Today we’d like to introduce you to Alessio Mongardi.
Alessio, please share your story with us. How did you get to where you are today?
I didn’t grow up watching TV or movies, therefore when I got my first laptop I also discovered the infinite desire to watch everything. At 13 I would spend nights binge watching movies and shows and I started wondering what I would be like to be there, along with all my favorite characters.
Throughout the years the idea of working in the industry caught on, and by the time I was done with high school, I knew Los Angeles would be my next stop. After studying acting and writing at New York Film Academy and earning a BFA in Acting, I spent a couple months figuring out my strategy. I researched agents, managers, asked friends, met with people who had opinions about my future.
As soon as I picked an agent, the auditions started flowing. I felt very lucky because I booked a big job almost right away, and then I soon realized that sometimes you get lucky and other times a couple months go by and nothing happens. Between college and the beginning of my career I was cast in several small projects, a few of which have gone to the festival circuit. I wrote, produced, and directed two shorts, I was the lead in a very successful production of the play “Stupid Fucking Bird” – adapted from The Seagull – and I even had time to be naively scammed by a Hollywood theatre director; it was an interesting experience, I guess we could say now. I try to write as much as I can, often script-doctoring for other people’s projects.
Currently, I have the lead in an independent feature film lined up, and I am in the process of writing a feature that I may or may not cast myself in, I’m still deciding on that.
Great, so let’s dig a little deeper into the story – has it been an easy path overall and if not, what were the challenges you’ve had to overcome?
Not at all. I’ve had a few setbacks but so far I’ve been able to make it past them. I had a major breakup – I know it’s silly and cliche – that for a good second made me avoid all kinds of human contact. I spent seven days in bed just being a sad sack of crap and when I finally got out I discovered that the whole ordeal had given me the one thing I never had: heartbreak. I had never been able to portray true love let alone true heartbreak, but after that relationship, I acquired new tools for my career.
Another struggle I’ve had is slightly personal: I feel like I missed out on a couple of castings because I hadn’t cultivated the friendship with the people directing those specific projects. I don’t believe this is me being delusional: unfortunately, some directors are just known for this kind of decision-making which ultimately hurts their productions and it doesn’t offer the right actors a chance to “bring the best” out of the said project.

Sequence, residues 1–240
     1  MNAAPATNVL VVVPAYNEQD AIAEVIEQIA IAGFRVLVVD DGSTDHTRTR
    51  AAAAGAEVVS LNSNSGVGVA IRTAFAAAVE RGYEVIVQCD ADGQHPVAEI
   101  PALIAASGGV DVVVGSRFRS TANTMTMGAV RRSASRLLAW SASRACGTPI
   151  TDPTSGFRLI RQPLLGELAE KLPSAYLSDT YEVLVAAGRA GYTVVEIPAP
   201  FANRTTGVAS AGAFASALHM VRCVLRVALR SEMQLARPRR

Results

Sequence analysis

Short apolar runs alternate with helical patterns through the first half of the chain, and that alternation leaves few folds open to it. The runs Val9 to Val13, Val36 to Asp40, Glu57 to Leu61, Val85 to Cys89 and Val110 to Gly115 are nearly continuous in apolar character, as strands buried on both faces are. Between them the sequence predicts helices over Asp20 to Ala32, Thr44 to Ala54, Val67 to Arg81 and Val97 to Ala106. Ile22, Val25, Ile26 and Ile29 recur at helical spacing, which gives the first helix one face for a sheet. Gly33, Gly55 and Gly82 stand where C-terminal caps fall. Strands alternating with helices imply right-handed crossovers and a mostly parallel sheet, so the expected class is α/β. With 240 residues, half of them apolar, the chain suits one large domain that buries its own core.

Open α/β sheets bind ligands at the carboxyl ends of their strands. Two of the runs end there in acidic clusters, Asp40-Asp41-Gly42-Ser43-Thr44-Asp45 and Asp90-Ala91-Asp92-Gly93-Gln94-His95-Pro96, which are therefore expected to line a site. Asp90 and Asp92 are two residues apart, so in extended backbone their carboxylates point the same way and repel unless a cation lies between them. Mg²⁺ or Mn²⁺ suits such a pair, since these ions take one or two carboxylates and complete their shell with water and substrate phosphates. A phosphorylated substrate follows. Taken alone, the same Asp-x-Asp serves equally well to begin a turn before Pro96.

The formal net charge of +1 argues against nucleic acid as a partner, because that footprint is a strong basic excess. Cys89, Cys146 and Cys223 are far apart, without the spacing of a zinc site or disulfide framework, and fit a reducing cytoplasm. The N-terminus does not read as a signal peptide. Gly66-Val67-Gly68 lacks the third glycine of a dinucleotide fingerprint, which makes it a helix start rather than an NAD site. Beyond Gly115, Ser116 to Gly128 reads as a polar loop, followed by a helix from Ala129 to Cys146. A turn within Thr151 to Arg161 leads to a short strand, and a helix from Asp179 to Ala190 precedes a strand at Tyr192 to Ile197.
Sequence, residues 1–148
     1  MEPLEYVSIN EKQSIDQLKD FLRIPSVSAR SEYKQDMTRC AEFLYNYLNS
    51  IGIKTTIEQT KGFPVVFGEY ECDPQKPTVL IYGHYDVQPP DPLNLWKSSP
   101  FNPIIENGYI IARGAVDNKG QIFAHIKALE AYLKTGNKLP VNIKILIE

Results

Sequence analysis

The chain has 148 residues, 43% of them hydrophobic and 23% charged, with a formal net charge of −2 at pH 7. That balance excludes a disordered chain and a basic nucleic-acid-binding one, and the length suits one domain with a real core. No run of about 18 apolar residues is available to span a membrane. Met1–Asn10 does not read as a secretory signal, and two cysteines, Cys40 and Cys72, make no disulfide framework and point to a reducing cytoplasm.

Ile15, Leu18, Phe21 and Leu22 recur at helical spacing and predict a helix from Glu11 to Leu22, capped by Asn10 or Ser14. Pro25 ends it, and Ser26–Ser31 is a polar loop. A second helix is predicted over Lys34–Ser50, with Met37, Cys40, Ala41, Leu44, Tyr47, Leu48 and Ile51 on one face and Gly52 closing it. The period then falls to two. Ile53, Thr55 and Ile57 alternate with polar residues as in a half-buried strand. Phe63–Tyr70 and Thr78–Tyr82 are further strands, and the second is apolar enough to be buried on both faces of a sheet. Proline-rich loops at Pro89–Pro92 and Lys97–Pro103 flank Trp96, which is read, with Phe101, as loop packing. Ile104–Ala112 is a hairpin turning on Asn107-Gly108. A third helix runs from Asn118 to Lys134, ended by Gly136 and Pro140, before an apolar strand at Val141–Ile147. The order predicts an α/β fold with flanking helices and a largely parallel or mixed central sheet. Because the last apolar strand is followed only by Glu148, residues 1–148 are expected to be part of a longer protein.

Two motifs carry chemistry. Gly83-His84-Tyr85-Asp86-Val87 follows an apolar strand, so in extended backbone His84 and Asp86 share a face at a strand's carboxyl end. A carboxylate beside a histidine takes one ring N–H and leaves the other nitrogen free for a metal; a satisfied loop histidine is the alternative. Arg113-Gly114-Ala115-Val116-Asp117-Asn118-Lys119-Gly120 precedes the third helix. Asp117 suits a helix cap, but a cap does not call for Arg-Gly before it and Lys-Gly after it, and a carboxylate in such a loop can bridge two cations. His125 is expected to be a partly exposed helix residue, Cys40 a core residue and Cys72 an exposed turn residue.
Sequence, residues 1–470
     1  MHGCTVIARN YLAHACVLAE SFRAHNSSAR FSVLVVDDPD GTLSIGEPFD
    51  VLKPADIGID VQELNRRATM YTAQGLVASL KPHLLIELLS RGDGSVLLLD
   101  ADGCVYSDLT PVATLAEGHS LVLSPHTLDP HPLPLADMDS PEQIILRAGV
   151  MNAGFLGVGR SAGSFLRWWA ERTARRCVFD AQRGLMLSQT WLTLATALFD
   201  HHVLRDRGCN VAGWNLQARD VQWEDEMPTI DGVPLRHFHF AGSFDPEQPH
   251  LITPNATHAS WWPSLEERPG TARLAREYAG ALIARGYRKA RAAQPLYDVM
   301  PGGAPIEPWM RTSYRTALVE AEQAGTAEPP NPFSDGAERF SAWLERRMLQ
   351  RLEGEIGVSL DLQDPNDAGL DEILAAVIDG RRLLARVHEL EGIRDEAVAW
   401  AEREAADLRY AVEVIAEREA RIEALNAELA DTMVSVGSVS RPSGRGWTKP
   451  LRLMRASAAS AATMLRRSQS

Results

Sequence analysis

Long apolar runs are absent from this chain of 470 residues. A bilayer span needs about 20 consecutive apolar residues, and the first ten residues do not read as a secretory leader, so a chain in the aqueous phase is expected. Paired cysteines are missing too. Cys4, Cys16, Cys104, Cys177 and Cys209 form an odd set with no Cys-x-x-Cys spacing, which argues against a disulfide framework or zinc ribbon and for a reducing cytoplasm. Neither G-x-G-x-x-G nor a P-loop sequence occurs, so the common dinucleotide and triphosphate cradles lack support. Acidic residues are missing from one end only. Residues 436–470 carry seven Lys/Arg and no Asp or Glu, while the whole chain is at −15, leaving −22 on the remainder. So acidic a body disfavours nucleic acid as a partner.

I try not to dwell on things that are out of my hands, so I don’t really mind if someone doesn’t cast me for personal reasons. At the end of the day, I get my opportunities and if I’m good enough, someone will notice, and I don’t have to care for what happens to the projects I’m not part of. 🙂
Alright – so let’s talk business. Tell us about Alessio Mongardi – what should we know?
I am an actor who just happens to be good with a pen on paper – figuratively because we use computers now. I know many actors say they write, but I believe it to be true unless every adult in and out of the industry who’s ever read any of my work decided to lie to me altogether. I am positive that my writing skills have helped me work a script much better than most people, and it comes in handy when developing a character. I can offer plenty of help during pre-production, and when the director/writer allow their actors to give input, I shine.
I’ve also helped friends and a few strangers – for hire – with their projects. I’ve edited short film screenplays, feature scripts, and TV pilot ones. I can’t tell whether my work was as successful as I believe it to be, but I know many writers and many actors, and I feel a lot closer to being a writer. I genuinely have the same amount of fun and gratification whether it’s acting, writing, or directing.
Is there a characteristic or quality that you feel is essential to success?
My ability to be a great team player as well as a leader. I know when to speak, and I know when to shut up, and this makes me a pretty useful asset on a set. Directors and writers don’t like to be told they’re doing something wrong, but they appreciate when it happens and a successful solution is offered together with the critique.
Having said that, I also have my BFA, training, multiple experiences in front of and behind the camera, and the usual sass that comes with being an artist – or wannabe.